Here's the announcement for Auction 10 from Sovereign Rarities in London. A nice mix of great coins.
Another year has rolled by all too fast and the Coinex season is upon us again, so it is with great
pleasure that we invite you to view and bid in Sovereign Rarities Auction No. 10. With a few recent
additions to the team, now numbering 12 permanent staff, we all look forward to welcoming you to
our Mayfair office and our stand at Coinex. The auction comprises of 351 lots, including Ancient,
British Hammered and Milled, World Coins, Commemorative Medals and Banknotes. Below we've
highlighted a selection of Ancient and Hammered pieces, among many, that feature in the sale.
Lot 1: Macedon Alexander the Great gold Stater Ch XF 5/5 3/5
Early posthumous issue, Magnesia ad Meandrum, c. 319-305 BC, head of Athena right, rev. A?????????, Nike standing
left, holding wreath and stylis, owl beneath left wing, monogram under right, thyrsus in right field, 8.51g, 11h (Price 1964
var [monogram as 1963]. Graded by NGC as Ch XF Strike 5/5 Surface 3/5, scarce with these field symbols.
Lot 6: Lucius Verus gold Aureus Ch AU* 5/5 5/5
Rome, Aug.-Dec. AD 165, L. VERVS AVG ARMENIACVS, laureate, draped and cuirassed bust right, rev. TR P IIII IMP II COS II,
Victory standing right, placing shield inscribed VIC AVG on palm tree, 7.27g, 5h (RIC III 525 [Marcus Aurelius]). Graded by
NGC as Choice AU* 5/5 5/5 "Fine Style".
Lot 8: Alfred the Great portrait silver Penny, London mint, moneyer Tilewine AU Details
The portrait silver Penny with the monogram of Londonia on the reverse has always been the most desirable type coin of
Alfred for any collector to attain in their collection. The example demonstrated here has the rarer smaller London
monogram with moneyer name above and below. For further reference see "The London Monogram Coinage of Alfred the
Great and the Danelaw" by William A. Mackay, British Numismatic Journal, volume 89, 2019, pages 19-107.
Lot 22: Mary I 1553 gold Sovereign
Queen Mary issued all her gold coinage to the fine standard of 23 carats and 3½ grains (0.995 fine) and to the weight of
240 grains (15.55g) as originally set by her grandfather, King Henry VII. Mary's hammered gold sovereigns, are the only
issue of this hammered gold coin denomination that carry an actual date, albeit in Roman numerals, either 1553 or 1554.
Lot 25: James I 1613 gold Rose Ryal mint mark Trefoil
First introduced in 1604 and struck in some of the finest gold of the period, the Rose Ryal (so called for the large rose
centred on the reverse) is one of the most iconic hammered coins in British history, and one of the most sought after by
collectors. This particular example is attractively toned and well-struck. The unique Latin legend on the reverse translates
This is the Lord's doing and it is marvellous in our eyes, taken from a Bible Psalm that was particularly liked by the
Lot 29: Charles I 1625 pattern gold Unite by Van Der Dort (Unique)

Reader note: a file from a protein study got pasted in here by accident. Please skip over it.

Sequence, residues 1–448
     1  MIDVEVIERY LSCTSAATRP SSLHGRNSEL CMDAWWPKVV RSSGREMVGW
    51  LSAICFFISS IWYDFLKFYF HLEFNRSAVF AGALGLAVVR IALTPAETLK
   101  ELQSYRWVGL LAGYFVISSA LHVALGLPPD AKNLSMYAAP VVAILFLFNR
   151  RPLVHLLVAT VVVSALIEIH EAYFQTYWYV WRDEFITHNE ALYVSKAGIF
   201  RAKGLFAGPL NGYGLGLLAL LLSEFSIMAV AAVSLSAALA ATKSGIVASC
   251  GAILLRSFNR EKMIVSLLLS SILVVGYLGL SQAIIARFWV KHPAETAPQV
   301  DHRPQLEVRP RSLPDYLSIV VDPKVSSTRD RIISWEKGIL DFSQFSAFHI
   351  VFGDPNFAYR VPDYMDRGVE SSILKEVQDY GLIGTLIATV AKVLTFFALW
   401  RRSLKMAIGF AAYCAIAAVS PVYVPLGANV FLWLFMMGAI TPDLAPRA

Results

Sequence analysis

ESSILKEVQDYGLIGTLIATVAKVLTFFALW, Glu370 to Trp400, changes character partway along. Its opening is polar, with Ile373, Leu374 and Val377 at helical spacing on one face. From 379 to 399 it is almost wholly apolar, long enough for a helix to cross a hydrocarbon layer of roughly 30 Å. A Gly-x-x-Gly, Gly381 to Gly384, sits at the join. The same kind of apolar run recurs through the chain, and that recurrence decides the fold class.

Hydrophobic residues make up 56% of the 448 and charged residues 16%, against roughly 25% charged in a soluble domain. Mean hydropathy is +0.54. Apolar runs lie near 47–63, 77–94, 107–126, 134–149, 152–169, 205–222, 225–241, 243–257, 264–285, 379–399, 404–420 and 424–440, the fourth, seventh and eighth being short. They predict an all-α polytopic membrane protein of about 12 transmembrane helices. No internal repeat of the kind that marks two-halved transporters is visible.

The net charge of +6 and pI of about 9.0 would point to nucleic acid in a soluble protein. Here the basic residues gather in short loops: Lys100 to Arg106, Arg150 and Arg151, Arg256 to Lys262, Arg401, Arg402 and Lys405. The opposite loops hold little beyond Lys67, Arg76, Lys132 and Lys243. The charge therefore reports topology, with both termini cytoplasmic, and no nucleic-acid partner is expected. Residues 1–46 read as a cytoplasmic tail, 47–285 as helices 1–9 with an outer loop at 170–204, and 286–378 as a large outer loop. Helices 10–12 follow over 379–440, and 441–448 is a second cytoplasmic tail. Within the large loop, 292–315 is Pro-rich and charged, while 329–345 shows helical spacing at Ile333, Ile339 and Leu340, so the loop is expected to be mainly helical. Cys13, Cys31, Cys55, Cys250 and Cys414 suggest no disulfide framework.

The weight is in the same range of the second coinage Rose Ryal of King James I issued some 20 years previously and this
coin may have been made to test the reaction of the introduction of the thirty-shilling face value as opposed to a lighter
twenty-shilling piece. This coin also fits into the weight pattern of the unique pattern Triple Unite (Sixty Shillings of gold) by
Van Der Dort that was sold in the Baldwin Rarity auction of ex vault stock back in 2006, that coin weighed 27.20g and sold
for a then record price of £241,500 which also supports this pattern herewith as a Thirty Shilling face value. Such practice
of un-denominated coins issued and accepted on their weight was already a system in use in the Germanic parts of Europe
with issues of multiple ducats with face value based upon weight. As a struck pattern coin this piece is of the highest
Lot 33: Commonwealth 1656 gold Unite mint mark sun MS61
This is the largest denomination gold coin of the Commonwealth, with all hammered coins of this period being the first
British coins to have legends in plain English. The gold of the third long accounting period of the Commonwealth totalled
£23,111 from 1st December 1653 until 30th November 1657 which covers four different dates. The 1656 Unite is rarer
than the Oliver Cromwell gold portrait Broad of the same face value and survival is actually not a great deal different from
that of the Fifty Shillings also of 1656.
Lot 34: Commonwealth 1656 silver Crown 6 over 4 in date
This coin does not have the inverted A for V on the reverse as per the Bull entry. The Commonwealth coinage was the only
to have legends in English language until the 1953 Crown of Queen Elizabeth had an edge inscription in English.
We hope you get time to visit us and view everything on offer, as well as our extensive retail stock. If
not in person though, please feel free to visit our website and view the auction digitally at
www.sovr.co.uk. Good luck to all those bidding!
Wayne Homren, Editor
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